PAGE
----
Five things parents should know to protect their high school athletes
A new study by the Korey Stringer Institute described in the Orthopedic Journal of Sports Medicine ranks Arkansas No. 11 for its high school sports safety policies.
Lesley Vandermark, a University of Arkansas clinical assistant professor, is affiliated with the institute but was not involved in the study. She offered parents tips, derived from the research on which the study was based, for keeping their children safe when participating in athletics at school.
Tips for athlete safety
1. Pre-Participation Physical Exam
Even if one is not required by your school or athletic club, parents should have their child get a physical before participating. Arkansas lost points in the rankings because it does not have a policy in place requiring athletes to undergo a pre-participation physical examination. The exam should catch risk factors that can indicate potential problems.
2. Sickle Cell Trait Status
Parents should know their child's sickle cell trait status and provide that information on a pre-participation physical exam. Athletes with the sickle cell trait are susceptible to exertional sickling, a potentially fatal condition. It occurs when some of the red blood cells change into a sickle shape and cause a buildup of red blood cells in small blood vessels. Vandermark said most teens now in high school would have been tested at birth. Parents should educate themselves on modifications a child with the condition may need to make when playing sports.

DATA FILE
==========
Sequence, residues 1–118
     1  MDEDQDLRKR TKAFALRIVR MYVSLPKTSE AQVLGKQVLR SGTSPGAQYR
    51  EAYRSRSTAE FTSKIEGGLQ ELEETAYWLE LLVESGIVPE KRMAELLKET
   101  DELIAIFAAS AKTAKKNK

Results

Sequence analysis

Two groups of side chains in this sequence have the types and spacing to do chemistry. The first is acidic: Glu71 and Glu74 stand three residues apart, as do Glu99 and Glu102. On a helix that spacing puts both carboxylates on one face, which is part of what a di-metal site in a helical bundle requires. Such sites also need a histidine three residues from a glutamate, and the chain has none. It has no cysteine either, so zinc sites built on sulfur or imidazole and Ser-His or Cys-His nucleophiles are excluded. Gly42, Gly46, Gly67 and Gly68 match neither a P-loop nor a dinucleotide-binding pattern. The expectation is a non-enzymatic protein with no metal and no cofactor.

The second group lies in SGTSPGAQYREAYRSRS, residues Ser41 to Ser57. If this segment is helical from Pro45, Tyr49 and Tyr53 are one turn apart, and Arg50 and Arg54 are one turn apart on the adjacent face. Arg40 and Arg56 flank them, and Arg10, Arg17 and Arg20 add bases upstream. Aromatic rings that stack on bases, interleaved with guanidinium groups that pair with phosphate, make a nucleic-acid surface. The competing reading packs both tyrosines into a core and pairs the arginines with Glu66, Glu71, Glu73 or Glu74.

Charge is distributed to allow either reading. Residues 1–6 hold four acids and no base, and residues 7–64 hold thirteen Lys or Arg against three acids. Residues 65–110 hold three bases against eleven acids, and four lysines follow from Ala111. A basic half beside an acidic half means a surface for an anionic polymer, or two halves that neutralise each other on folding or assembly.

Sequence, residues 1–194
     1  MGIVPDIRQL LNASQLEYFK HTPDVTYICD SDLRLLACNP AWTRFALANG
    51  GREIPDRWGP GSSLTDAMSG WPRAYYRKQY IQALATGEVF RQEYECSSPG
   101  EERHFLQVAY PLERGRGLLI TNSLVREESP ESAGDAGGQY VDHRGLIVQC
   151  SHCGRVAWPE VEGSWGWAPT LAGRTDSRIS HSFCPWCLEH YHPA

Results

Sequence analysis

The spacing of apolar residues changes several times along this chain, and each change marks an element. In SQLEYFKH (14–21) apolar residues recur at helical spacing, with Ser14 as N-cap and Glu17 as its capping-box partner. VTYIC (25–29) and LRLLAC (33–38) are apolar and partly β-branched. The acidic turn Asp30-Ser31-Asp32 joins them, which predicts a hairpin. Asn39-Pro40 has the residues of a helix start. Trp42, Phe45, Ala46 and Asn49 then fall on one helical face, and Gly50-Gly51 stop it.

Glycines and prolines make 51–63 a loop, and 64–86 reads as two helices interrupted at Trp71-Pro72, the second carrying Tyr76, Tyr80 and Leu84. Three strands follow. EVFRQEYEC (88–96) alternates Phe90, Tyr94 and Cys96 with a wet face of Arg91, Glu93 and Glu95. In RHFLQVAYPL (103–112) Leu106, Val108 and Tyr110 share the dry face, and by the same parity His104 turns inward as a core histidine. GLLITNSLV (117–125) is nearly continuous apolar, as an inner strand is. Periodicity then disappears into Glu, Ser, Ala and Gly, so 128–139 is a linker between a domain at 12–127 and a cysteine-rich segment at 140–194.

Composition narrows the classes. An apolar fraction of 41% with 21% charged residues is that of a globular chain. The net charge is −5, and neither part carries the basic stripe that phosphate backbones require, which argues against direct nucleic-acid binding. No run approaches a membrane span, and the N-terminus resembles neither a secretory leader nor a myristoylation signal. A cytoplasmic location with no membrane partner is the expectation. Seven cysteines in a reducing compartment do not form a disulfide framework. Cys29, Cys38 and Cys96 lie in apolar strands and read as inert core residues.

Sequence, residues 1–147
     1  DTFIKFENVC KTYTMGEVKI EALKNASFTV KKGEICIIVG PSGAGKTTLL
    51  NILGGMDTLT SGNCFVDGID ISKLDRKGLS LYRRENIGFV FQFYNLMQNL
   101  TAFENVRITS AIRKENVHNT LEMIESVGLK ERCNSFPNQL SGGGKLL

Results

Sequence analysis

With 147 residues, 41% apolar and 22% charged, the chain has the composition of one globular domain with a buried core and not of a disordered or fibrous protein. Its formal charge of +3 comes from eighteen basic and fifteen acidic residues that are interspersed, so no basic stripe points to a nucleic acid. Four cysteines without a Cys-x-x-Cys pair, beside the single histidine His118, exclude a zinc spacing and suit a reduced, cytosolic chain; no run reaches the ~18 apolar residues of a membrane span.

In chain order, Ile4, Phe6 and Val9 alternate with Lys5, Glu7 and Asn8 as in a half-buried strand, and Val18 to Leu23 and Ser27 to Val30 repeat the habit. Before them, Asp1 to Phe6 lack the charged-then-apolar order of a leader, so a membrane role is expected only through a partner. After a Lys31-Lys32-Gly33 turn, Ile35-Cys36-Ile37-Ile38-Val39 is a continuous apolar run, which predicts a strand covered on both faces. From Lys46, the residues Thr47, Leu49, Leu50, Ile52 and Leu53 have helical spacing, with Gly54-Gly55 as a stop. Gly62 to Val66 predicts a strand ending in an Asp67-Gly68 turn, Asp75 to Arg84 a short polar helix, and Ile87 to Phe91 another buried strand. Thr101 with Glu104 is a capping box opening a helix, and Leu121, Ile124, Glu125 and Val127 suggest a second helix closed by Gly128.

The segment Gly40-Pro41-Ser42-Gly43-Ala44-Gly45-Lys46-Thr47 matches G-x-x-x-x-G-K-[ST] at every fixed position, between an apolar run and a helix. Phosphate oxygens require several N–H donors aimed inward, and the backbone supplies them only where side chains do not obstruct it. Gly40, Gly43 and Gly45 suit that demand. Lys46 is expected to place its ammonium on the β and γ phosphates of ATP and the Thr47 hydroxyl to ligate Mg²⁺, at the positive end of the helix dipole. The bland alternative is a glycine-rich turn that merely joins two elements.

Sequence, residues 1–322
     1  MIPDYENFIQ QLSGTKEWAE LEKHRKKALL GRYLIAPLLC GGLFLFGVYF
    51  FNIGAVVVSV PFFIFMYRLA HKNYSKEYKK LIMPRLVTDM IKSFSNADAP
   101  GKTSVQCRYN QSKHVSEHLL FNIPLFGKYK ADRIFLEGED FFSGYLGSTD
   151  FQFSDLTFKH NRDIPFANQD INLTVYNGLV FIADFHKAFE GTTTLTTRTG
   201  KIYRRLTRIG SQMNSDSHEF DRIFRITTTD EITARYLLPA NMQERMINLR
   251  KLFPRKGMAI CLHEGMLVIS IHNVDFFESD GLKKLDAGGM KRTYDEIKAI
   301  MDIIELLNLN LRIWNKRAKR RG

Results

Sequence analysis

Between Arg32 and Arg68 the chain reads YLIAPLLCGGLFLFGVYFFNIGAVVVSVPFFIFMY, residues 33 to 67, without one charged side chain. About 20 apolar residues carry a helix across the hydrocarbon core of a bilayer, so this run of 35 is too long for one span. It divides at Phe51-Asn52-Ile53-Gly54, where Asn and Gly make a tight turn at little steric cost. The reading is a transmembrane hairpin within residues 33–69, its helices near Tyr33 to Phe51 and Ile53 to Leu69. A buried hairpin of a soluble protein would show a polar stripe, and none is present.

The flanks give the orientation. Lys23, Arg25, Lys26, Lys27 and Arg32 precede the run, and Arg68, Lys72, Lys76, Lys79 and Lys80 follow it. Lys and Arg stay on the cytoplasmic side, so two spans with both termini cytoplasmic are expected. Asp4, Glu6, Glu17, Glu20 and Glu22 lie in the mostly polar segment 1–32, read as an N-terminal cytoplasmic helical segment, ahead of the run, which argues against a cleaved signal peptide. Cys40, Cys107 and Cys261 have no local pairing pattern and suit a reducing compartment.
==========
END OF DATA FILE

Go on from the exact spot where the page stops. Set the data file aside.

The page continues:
3. Automated External Defibrillator
The Arkansas Activities Association does require schools to have an automated external defibrillator, or AED, at each venue or accessible within three minutes. Vandermark said parents should know where the AEDs are and how to operate them, in case no one else is available or they are asked to help.
4. Coverage by a Certified Athletic Trainer
Some schools in Arkansas hire certified athletic trainers and some partner with local medical clinics for athletic training coverage, Vandermark said, but either way parents should check that both practices and games are covered. Coverage is not required in Arkansas, but having an athletic trainer there can save lives.
5. Coach Training
Parents should ask about training for coaches, particularly for head injuries. The Heads Up Football program sponsored by the NFL is most commonly available to teach coaches about tackling techniques that are less likely to cause devastating injuries to players.